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T&E: Car makers increasingly manipulate EU fuel economy data

7 November 2014

Transport & Environment (T&E), a Belgium-based transport policy group, released a new report accusing car manufacturers of manipulating fuel economy tests in order to produce inflated car fuel economy figures that are not representative of fuel consumption in real world driving. The 2014 Mind the Gap report highlights the alleged abuses of the current fuel economy tests by carmakers and the “failure of EU regulators to close loopholes”.

The official NEDC test cycle has been long known to produce fuel consumption results that can be significantly lower than those in real driving. The NEDC procedure is expected to be replaced by a new, more realistic test cycle, the WLTP.

However, the gap between regulatory test results and real driving fuel consumption has been increasing in the recent years, which suggests that car makers may be purposefully exploiting the NEDC procedure to produce favorable fuel consumption and CO2 emission results. The gap between real-world fuel consumption and carmakers’ data has widened from 8% in 2001 to 31% in 2013 for private motorists; the gap for company car drivers averages 43%, concludes T&E. These figures are based on recent studies by the ICCT and by Emissions Analytics.

Gap between Official Fuel Economy Data and Real World Driving (Source: T&E)

This growing gap between official and the real world results means that mandatory CO2 emission reductions are met only in the laboratory, while CO2 emissions in real driving do not follow the regulatory emission targets. According to the T&E analysis, the EU fleet-average CO2 emission reduction between 2008 and 2013—officially 31 g/km—can be split into only 13.6 g/km of real world emission reduction and an artificial decrease of 17.4 g/km due to the increasing gap between official and real world performance.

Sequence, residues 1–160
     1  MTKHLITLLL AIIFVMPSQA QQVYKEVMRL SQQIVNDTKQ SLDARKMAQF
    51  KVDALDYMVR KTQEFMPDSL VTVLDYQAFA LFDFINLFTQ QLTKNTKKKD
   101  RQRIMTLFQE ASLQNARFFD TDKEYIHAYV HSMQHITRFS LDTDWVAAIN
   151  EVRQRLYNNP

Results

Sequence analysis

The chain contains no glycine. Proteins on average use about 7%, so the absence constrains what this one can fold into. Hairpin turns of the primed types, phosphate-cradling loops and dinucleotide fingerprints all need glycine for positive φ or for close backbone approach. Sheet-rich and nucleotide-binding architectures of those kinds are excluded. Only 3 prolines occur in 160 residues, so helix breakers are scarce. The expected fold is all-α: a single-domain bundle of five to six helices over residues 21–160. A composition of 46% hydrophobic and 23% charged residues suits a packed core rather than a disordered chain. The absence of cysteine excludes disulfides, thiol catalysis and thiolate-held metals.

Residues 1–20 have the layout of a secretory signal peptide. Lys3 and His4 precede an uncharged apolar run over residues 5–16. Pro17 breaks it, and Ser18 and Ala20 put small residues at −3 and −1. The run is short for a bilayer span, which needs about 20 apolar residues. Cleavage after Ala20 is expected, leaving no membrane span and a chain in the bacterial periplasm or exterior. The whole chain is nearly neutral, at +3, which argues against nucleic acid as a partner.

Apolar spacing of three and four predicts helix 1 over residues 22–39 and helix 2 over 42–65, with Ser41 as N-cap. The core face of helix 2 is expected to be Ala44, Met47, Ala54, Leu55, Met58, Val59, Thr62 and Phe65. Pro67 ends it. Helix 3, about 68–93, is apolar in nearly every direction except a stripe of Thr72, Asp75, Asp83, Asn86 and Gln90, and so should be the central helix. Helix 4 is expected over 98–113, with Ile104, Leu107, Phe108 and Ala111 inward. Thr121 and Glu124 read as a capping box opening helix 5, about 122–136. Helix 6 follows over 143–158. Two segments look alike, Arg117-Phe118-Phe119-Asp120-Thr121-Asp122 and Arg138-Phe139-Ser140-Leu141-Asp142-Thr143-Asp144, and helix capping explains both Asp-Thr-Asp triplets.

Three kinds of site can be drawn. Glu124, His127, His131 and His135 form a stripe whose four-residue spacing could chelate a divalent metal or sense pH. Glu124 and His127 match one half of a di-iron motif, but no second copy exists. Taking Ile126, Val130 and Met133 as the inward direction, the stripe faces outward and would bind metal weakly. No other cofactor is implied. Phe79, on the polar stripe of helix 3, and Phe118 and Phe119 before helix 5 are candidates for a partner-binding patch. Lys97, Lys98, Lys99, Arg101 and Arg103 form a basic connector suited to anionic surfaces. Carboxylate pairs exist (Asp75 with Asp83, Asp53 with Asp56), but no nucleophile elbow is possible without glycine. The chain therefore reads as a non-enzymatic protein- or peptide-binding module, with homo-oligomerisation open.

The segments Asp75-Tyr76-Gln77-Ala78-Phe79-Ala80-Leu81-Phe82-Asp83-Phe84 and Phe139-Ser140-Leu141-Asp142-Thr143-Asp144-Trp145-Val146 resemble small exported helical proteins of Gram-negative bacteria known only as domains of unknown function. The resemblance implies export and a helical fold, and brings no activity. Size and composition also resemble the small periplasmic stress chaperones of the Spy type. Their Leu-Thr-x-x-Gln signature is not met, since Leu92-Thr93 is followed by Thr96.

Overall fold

Among car makers, the biggest gap between official figures and real world performance exists in models by Daimler, followed by BMW and Ford (all above 30% discrepancy). The lowest average difference, of about 25%, was found in vehicles by Toyota, PSA and Fiat.

For specific car models, the biggest gaps exist for the smallest vehicles. For example, the average gap for the VW Golf jumped from 20% to 30% in 2013 and for the Ford Fiesta from 22% to 38%. This appears to be driven by the lower tax rates and/or exemptions often available for low carbon models that are very appealing to customers. On the road, the smallest engine vehicles are not more efficient than those with 1-2 L engines, concluded T&E.

Common methods used by manufacturers to manipulate test results include—according to T&E—using higher gears during the test, optimizing engine controls, disconnecting the alternator, lubricant selection, using special tires and overinflating them, and more.

While the EU fuel economy figures appear not to have been questioned by the European authorities—apparently an indication of a weak enforcement system—irregularities in fuel economy data submitted by several manufacturers have been discovered by recent audit tests conducted by the US Environmental Protection Agency (EPA). In particular, both the Mercedes C300 4-matic and the 2014 BMW Mini Cooper 3-Door were found to have values that differed from those submitted to the US EPA at the time of certification. While both vehicles were in compliance with the emission standards, their fuel economy label values were affected and had to be adjusted to show higher fuel consumption.

Source: T&E